The Passing of Michael Jackson and the Investigation, Part 4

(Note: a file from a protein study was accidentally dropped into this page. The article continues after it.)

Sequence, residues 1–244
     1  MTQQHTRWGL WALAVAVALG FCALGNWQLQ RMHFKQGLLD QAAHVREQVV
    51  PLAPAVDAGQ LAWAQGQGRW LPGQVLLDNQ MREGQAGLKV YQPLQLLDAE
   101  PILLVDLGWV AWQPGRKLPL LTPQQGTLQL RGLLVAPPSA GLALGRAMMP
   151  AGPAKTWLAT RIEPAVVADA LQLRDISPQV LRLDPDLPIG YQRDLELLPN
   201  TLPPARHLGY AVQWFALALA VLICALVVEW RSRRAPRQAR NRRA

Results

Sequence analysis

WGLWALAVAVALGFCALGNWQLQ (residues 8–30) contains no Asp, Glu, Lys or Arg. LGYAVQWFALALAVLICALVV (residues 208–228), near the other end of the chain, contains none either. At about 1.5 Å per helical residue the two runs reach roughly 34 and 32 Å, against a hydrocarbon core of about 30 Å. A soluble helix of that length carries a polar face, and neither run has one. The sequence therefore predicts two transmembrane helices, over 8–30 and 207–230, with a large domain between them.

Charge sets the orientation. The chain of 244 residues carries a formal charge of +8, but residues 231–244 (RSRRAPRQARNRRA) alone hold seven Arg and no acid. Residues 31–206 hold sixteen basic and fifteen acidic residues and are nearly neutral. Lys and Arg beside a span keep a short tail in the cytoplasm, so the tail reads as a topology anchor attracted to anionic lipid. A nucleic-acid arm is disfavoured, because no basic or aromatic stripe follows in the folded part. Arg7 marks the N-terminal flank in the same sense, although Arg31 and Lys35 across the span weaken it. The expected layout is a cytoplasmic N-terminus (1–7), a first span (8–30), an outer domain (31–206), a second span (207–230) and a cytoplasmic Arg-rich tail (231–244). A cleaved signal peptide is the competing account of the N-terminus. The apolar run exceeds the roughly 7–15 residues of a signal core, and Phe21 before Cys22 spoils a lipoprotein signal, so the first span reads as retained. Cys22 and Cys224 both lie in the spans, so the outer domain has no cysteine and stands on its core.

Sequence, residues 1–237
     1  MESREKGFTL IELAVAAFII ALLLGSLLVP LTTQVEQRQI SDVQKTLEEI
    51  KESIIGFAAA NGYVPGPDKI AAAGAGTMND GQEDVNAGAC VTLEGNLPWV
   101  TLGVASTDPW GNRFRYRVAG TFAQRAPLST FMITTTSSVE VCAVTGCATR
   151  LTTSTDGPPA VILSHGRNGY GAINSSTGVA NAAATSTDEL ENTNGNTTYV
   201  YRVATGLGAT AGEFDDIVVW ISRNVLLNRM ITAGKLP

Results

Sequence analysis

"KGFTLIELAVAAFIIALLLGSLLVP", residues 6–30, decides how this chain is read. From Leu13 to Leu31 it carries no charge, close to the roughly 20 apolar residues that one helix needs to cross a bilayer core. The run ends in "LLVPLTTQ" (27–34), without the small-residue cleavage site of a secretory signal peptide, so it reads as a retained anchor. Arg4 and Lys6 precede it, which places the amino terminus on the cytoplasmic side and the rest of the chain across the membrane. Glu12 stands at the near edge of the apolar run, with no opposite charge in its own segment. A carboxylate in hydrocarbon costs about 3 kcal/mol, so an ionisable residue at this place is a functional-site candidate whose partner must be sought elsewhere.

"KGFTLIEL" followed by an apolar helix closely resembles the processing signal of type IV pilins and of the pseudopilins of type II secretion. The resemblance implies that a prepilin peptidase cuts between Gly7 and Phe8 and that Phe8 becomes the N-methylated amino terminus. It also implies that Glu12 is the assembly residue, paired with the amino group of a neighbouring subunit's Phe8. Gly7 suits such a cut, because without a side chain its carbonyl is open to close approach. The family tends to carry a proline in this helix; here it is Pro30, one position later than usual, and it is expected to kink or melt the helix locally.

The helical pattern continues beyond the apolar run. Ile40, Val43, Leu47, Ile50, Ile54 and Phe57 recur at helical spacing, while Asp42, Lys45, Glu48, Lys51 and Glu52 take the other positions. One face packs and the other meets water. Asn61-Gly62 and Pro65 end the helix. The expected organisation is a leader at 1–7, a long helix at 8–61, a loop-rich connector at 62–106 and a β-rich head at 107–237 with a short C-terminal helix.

Recent media reporting on Michael Jackson’s investigation suggested that the drug, "Propofol may have been the cause of his death. According to Lehne (2007), "Propofol (Diprivan) is an IV sedative-hypnotic used for induction and maintenance of anesthesia…unconsciousness develops within 60 seconds and lasts for 3-5 minutes following a single injection" (Pg. 255). A question remains, "Why would any doctor use this medication in a home setting?" If in fact, the superstar was having trouble sleeping and/or experiencing pain and became addicted to previous medications that no longer provided relief, was this the next potent drug of choice? Another medication that was also reported being repeatedly prescribed was OxyContin, a drug to relieve pain for extended periods of time. Lehne (2007) stated, "In recent years, there have been increasing reports of OxyContin abuse. As a result, safety warnings have been strengthened" (Pg. 269). Yet another question; is safety deemed a priority when treating the rich and famous? Undercovering what exactly were the causes of Jackson’s death could take years. Drugs documented on his toxicology report, however, will undoubtedly provide nursing forensic prevention guidelines when encountering patients making such medication requests. Opioids are medications that need to be more closely monitored in order to provide patients with a balanced approach to health care and pain management. Lehne (2007) noted, "When opioids are administered in high doses for 20 days or more, clinically significant physical dependence may develop" (Pg. 271). Since there were a number of medical professionals involved in Michael Jackson’s life over many years, can this one doctor, Conrad Murray, be the only liable party? Addiction happens over a period of time and it is most likely that other health care providers were witness to his lifestyle and reported odd behavior. Antidepressant drugs such as Zoloft and Xanax could also be contributing factors in Jackson’s death. It is conceivable that the cocktail of drugs in his body caused cardiac arrest, since the most serious adverse effect is cardiotoxicity. According to Lehne (2007), cardiac toxicity affects the heart by decreasing vagal influence on the heart and acting directly on the bundle of His to slow condition. To minimize risk, all patients should undergo electrocardiographic (ECG) evaluation prior to treatment and periodically thereafter (Pg. 335). How many times did Jackson get his heart evaluated over the years? How many mental health professionals prescribed these medications? Demerol was another medication on his list of choice drugs throughout the years that was noted as a possible contributor to his demise. Serious concerns with such analgesics are respiratory depression, circulatory depression, respiratory arrest, shock and cardiac arrest. In addition, one of the many side effects of this drug is loss of appetite. Since Michael Jackson’s weight was exceptionally low for his height, medications such as this, if frequently used, could have created harmfully abusive health habits. Jackson’s reported sleep problems may have resulted from an array of reasons, necessitating the consumption of multiple medications to relax his state of mind. Lehne (2007) noted, "Chronic insomnia is a major risk factor for automotive and industrial accidents, marital and social problems, major depression, coronary heart disease and metabolic and endocrine dysregulation" (Pg. 373). With his upcoming 50-concert tour in London unfolding at the age of 50, his self image and self-esteem may have caused more stress than he could handle, combined with the responsibility for single parenting his three young children. There seems to be so many lingering questions surrounding the investigation of this celebrity’s sudden death, the answers from which could serve as a meaningful learning experience for forensic nursing. References Lehne, R. A. (2007). Pharmacology for Nursing Care (Sixth Edition). Pgs. 255-373.

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